Author:
Tamás Biró ELTE Eötvös Loránd University, Budapest

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Most linguistic theories postulate structures with covert information, not directly recoverable from utterances. Hence, learners have to interpret their data before drawing conclusions. Within the framework of Optimality Theory (OT), Tesar & Smolensky (1998) proposed Robust Interpretive Parsing (RIP), suggesting the learners rely on their still imperfect grammars to interpret the learning data. I introduce an alternative, more cautious approach, Joint Robust Interpretive Parsing (JRIP). The learner entertains a population of several grammars, which join forces to interpret the learning data. A standard metrical phonology grammar is employed to demonstrates that JRIP performs significantly better than RIP.

  • Biró, Tamás. 2003. Quadratic alignment constraints and finite state Optimality Theory. In Proceedings of the Workshop on Finite-State Methods in Natural Language Processing (FSMNLP), held within EACL-03, Budapest. 119126. ROA-600.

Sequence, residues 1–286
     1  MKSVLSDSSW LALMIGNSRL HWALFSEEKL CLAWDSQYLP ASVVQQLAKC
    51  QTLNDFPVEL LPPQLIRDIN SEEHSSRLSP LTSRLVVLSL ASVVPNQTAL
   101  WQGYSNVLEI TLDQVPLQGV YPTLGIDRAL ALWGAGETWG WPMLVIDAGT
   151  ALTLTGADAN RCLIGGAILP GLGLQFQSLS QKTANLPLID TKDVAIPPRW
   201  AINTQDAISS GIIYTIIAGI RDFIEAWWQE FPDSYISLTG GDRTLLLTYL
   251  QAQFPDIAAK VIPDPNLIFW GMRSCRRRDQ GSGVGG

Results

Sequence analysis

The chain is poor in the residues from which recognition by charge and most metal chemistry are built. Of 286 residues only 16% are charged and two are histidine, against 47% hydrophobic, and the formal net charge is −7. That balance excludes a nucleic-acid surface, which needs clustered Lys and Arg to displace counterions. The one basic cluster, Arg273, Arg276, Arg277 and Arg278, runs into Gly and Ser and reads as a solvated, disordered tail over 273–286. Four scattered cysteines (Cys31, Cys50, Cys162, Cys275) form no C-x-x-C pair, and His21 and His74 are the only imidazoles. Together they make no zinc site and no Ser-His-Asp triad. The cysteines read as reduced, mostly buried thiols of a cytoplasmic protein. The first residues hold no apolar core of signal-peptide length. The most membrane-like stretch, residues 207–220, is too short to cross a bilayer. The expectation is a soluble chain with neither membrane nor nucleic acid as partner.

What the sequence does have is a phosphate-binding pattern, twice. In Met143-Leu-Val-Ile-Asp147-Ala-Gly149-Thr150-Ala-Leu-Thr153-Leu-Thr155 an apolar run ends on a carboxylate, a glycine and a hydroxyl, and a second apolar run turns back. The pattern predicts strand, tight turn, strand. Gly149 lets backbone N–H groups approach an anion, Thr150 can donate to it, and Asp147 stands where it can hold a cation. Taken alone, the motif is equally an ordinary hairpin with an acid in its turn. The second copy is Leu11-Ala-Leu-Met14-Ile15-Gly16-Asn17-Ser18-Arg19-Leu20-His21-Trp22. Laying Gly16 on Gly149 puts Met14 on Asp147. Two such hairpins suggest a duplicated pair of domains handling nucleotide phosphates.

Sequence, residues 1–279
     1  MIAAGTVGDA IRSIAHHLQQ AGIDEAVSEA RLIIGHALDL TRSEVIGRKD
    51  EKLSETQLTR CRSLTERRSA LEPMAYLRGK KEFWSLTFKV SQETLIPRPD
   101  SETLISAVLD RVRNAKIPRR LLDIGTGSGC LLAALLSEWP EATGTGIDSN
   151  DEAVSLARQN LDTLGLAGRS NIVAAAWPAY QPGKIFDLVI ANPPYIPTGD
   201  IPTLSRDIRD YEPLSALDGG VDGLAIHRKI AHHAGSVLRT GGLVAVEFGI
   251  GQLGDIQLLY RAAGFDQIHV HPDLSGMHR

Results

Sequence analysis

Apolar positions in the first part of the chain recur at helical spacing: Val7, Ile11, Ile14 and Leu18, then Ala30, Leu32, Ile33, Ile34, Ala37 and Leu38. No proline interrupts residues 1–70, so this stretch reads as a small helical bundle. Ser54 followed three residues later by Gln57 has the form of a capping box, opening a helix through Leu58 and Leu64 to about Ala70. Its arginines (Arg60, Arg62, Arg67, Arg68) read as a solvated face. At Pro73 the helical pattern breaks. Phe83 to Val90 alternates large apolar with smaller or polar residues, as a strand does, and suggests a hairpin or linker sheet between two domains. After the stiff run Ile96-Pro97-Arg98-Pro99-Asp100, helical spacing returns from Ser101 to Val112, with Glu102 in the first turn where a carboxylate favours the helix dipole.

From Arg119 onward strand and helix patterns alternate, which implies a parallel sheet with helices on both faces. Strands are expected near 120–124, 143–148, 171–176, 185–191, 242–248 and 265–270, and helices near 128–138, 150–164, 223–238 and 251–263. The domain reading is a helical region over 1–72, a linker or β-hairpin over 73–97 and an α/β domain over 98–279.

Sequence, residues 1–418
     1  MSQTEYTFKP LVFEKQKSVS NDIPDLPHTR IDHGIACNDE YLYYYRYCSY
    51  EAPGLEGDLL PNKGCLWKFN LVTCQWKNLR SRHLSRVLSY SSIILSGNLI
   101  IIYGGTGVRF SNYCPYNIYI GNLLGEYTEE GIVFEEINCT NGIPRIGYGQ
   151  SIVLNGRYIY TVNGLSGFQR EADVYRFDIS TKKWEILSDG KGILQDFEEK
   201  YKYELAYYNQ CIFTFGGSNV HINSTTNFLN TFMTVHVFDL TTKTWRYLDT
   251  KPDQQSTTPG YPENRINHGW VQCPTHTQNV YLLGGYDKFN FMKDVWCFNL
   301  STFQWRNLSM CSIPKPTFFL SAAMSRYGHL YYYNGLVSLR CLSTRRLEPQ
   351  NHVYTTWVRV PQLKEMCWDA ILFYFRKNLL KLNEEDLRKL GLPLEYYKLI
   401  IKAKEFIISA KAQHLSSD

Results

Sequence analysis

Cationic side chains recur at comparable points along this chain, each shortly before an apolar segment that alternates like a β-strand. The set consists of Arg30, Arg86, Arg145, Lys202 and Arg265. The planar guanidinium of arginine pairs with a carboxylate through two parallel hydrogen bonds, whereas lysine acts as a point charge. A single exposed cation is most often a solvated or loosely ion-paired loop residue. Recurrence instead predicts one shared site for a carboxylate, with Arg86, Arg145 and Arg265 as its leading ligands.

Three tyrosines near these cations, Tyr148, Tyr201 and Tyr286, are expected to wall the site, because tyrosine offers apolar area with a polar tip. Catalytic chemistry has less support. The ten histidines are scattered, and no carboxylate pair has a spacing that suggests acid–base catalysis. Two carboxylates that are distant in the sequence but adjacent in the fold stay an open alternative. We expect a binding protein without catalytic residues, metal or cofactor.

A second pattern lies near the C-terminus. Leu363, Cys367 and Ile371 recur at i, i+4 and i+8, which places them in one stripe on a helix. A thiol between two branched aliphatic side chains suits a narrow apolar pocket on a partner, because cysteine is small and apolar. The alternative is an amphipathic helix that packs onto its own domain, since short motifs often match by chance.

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  • Biró, Tamás. 2006. Finding the right words: Implementing Optimality Theory with simulated annealing. Doctoral dissertation. University of Groningen. ROA-896.

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  • Biró, Tamás, 2010. OTKit: Tools for Optimality Theory. A software package. http://www.birot.hu/OTKit/

  • Biró, Tamás. 2013. Towards a robuster interpretive parsing: Learning from overt forms in Optimality Theory. Journal of Logic, Language and Information 22. 139172.

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  • Boersma, Paul. 1997. How we learn variation, optionality, and probability. Proceedings of the Institute of Phonetic Sciences, Amsterdam (IFA) 21. 4358.